How Larry Ellison (or Anyone Else) Can Fix the Golden State Warriors
The Bay Area, one of the largest markets in the country, is an untapped goldmine for basketball.
Fans saw it in 2007 when Oracle Arena became one of the most hostile places to play during the NBA playoffs, and the Warriors became the media darlings of the league. Rarely has a region responded in a way similar to how the East Bay responded to the success of those Warriors.
And that's exactly why it's a shame today that this market has been "rewarded" with a product that, for the most part, it cannot be proud of.
The 2007 playoff run was the first time in 13 long years that the team has even made the playoffs.
During those 13 seasons, the team went through four 60-loss seasons and two with 50 losses. Despite those lowly finishes, the Warriors could not use high draft picks to turn their franchise around. And on the rare occasions when they did (Gilbert Arenas, Antawn Jamison), those guys were playing elsewhere letting another team enjoy the primes of their careers.
The Bay Area deserves better.
It deserves more than just one playoff run since 1994. And it deserves having a front office that strives to continuously add talent and a coaching staff that can use that talent instead of alienating it.
Oracle CEO Larry Ellison has been mentioned as the front-runner to buy the Warriors now that the current ownership, led by Chris Cohan, has decided to finally let go. Cohan has been the owner during the most futile years in franchise history, and it would not be unfair to label him as the face of the franchise's ineptitude since 1994.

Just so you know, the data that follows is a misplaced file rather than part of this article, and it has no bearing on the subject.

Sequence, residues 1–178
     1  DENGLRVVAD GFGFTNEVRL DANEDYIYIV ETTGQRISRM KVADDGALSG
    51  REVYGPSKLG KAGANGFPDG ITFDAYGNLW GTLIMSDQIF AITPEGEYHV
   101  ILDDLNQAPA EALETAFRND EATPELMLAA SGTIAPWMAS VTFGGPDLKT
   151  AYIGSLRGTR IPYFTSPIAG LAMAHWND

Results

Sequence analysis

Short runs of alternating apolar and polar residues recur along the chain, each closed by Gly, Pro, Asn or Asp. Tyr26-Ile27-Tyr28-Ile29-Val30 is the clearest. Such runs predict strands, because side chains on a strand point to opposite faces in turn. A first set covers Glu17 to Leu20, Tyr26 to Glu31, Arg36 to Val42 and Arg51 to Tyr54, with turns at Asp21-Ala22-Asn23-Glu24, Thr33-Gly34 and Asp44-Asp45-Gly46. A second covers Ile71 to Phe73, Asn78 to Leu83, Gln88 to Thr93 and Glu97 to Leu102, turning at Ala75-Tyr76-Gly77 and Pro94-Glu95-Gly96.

If I was Ellison, though, I would be excited. The Bay Area can explode for the Warriors if they continuously put a competitive product out on the court. And this isn't some small market like Indianapolis or Milwaukee or St. Louis—this is one of the top five television markets in the United States, one whose sports market you can control by showing some kind of a commitment to the win-loss record instead of your bottom line.
However, I am not Larry Ellison. I will never own a sports team, and I doubt someone who does will ever come to me for advice. But regardless, after observing some of the events that have gone down in the league recently, this is what I would do if I was Mr. Ellison or someone asked to advise him.
First and foremost, he would have to gain stability in the front office and the coaching staff. Don Nelson's style of basketball will never win a championship, and Nelson's erratic personality has alienated far too many players for the Warriors. If Ellison wants to be a consistent playoff team, Nelson is not his guy.
Ellison should look around the league to find other models which have re-built franchises from the ground up. The first one he should look at is about 10 hours up the Pacific coast in Portland, where the Blazers re-invented themselves from a 60-loss nightmare to a team that used the draft to infuse ample young talent into their team.
When looking at the Blazers as a blueprint, Ellison should also note that non-basketball related circumstances have forced them to create tension in their front office. This could make some of the architects behind Portland's successful rebuilding project available to the Warriors themselves.
The first is Portland's ex-Vice President of Basketball Operations, Tom Penn. Penn has been credited for being instrumental in the Blazers' ability to make numerous draft day deals and acquire talent such as Brandon Roy, LaMarcus Aldridge, Nicolas Batum, Martell Webster, Rudy Fernandez, and Jerryd Bayless—all exclusively through the draft.
Penn was let go from his post last week for undisclosed reasons, although those reasons probably have nothing to do with his ability to acquire talent for a basketball team.